"Landen and I are finished, Mum. Besides, I have a boyfriend."
This, to my mother, was extremely good news. It had been of considerable anguish to her that I wasn't spending more time with swollen ankles, haemorrhoids and a bad back, popping out grandchildren and naming them after obscure relatives.
...is almost immediately undercut by the unconvincingly-angsty private reflection that she totally would want to have kids, if only a suitable life partner - e.g. her ex, Landen - would throw himself at her. The bits about her past in the Crimean are sometimes interesting, but often equally perfunctory:
I couldn't concentrate. The Crimea had filled my mind with its unwelcome memories. It was lucky for me that my pager bleeped and brought with it a much-needed reality check.
Another problem is the villain. Acheron sounds good:
"He has powers that are slightly baffling. That's why we can't say his name [...] Because he can hear his own name - even whispered - over a thousand-yard radius, perhaps more. He uses it to sense our presence."
[...] "We don't have a picture of him. [...] He doesn't resolve on film or video and has never been in custody long enough to be sketched."
But he turns out to be the kind of cackler prone to tedious tics like - yawn - thanking people for calling him a bad guy:
Mycroft slowly took the manuscript and looked at the title.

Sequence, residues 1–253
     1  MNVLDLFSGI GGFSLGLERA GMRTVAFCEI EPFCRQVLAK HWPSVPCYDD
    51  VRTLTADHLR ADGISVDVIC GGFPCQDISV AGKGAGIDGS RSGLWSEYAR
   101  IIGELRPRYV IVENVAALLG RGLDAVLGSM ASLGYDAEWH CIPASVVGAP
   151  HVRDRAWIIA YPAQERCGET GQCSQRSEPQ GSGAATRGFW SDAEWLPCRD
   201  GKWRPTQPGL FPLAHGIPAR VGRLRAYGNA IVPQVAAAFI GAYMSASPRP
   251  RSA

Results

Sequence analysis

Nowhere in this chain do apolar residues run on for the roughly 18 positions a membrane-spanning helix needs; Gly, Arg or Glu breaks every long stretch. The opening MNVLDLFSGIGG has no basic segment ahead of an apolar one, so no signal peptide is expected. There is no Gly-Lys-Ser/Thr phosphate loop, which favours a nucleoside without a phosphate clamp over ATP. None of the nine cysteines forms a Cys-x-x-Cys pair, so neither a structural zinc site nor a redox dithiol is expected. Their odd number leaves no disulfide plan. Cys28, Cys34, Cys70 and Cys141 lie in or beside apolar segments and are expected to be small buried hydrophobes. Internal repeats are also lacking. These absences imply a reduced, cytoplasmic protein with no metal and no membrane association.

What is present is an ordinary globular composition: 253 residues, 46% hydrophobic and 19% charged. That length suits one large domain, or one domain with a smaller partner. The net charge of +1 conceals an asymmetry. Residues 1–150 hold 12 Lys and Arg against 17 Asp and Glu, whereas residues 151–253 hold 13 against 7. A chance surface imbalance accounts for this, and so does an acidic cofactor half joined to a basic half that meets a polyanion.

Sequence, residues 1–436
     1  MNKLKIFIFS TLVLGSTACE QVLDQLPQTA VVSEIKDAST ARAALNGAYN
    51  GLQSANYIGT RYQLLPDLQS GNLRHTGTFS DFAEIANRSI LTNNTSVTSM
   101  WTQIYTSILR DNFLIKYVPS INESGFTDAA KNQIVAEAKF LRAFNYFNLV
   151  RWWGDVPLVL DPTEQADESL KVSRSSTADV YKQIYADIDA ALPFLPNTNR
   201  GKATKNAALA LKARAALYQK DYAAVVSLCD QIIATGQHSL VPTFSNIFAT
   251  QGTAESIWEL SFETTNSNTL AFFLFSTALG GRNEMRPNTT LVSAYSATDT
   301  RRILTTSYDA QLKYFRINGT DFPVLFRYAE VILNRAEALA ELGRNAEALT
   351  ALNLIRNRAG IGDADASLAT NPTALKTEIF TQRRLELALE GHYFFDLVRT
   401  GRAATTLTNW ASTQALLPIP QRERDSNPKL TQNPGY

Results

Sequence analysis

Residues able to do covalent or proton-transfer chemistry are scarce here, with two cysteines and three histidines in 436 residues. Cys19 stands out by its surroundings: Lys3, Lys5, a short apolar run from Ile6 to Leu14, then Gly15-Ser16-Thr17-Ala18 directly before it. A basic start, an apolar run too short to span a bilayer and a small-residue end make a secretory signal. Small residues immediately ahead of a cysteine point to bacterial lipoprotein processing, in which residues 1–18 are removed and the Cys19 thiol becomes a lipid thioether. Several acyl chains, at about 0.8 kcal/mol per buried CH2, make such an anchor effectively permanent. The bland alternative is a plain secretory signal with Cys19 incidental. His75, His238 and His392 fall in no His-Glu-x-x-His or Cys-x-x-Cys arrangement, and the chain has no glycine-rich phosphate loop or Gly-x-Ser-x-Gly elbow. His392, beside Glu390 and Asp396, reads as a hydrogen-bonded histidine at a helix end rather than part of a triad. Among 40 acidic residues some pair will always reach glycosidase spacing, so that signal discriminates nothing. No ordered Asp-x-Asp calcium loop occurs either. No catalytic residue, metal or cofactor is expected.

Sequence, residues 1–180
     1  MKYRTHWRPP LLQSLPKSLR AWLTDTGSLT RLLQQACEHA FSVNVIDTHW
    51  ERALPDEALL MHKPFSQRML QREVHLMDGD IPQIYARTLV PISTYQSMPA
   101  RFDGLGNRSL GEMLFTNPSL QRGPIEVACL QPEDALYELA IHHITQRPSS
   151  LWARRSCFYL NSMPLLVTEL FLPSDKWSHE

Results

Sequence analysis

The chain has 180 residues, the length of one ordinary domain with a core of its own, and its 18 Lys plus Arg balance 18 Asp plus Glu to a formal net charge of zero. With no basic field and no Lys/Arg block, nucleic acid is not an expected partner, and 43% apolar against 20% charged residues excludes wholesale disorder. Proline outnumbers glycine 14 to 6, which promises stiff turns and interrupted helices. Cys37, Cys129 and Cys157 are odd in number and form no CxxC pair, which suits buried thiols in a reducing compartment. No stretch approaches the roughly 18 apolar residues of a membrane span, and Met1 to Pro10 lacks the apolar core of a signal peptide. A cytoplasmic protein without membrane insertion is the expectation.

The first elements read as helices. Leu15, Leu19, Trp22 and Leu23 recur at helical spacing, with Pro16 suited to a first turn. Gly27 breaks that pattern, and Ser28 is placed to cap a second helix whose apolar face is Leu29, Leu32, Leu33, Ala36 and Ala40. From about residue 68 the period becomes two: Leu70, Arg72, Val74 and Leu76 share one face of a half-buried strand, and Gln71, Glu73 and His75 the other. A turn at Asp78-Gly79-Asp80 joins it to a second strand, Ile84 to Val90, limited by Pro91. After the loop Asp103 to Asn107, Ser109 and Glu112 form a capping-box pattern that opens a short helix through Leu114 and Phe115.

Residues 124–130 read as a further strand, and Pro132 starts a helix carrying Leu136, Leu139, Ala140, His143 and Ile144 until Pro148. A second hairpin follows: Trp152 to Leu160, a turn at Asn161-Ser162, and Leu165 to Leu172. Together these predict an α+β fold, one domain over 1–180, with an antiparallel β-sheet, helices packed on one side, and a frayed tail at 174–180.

"Martin Chuzzlewit! Fiend!"
"Flattery will get you nowhere, my dear professor."
Finally, the writing itself is hit and miss. There are some great action and comedy set-pieces, and some lovely reflective passages that play with the tone and setting of the classic literature being explored; Thursday's recollection of her youthful self's brief, inadvertant foray into the pages of Jane Eyre is a standout. This said, elsewhere - again echoing Bridget Jones - the use of the classics is more simplified and rather less successful, with Mr Rochester in particular emerging as a highly idealised version of the creepy old man I remember from Jane Eyre, and Jane herself as dull and passive in the extreme; more happily, the madwoman in the attic finally gets her day.
Fforde has an unfortunate habit of overstating his case, piling on the said-bookisms and adverbs as if afraid we'll miss the (not complicated) nuances of character mood - "I queried, somewhat inquisitively" being a typical example - and sometimes losing the sharpness of the joke in the process.
On this evidence, I imagine Fforde has a better novel to come, somewhere along the line when he is more confident in the ability of his jokes to fire at the first attempt, and better able to fashion his ideas and themes - and hints of a truly sensitive understanding of his literary targets - into a compelling plot. I'd welcome comments from those who have read further: are there any signs that this party might pick up?
(who's posting at half past midnight because she's waiting up for some Super(Duper) Tuesday results...)